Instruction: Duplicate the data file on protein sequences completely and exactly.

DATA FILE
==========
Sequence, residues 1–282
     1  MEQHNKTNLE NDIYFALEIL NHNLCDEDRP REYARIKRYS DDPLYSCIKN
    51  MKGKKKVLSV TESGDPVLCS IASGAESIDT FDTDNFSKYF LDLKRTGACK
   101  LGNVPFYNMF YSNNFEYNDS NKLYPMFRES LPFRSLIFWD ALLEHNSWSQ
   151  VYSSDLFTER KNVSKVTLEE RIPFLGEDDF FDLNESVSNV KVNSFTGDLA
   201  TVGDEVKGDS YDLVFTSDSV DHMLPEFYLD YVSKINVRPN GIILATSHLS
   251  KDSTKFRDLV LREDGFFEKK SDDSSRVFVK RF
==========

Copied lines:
Sequence, residues 1–282
     1  MEQHNKTNLE NDIYFALEIL NHNLCDEDRP REYARIKRYS DDPLYSCIKN
    51  MKGKKKVLSV TESGDPVLCS IASGAESIDT FDTDNFSKYF LDLKRTGACK
   101  LGNVPFYNMF YSNNFEYNDS NKLYPMFRES LPFRSLIFWD ALLEHNSWSQ
   151  VYSSDLFTER KNVSKVTLEE RIPFLGEDDF FDLNESVSNV KVNSFTGDLA
   201  TVGDEVKGDS YDLVFTSDSV DHMLPEFYLD YVSKINVRPN GIILATSHLS
   251  KDSTKFRDLV LREDGFFEKK SDDSSRVFVK RF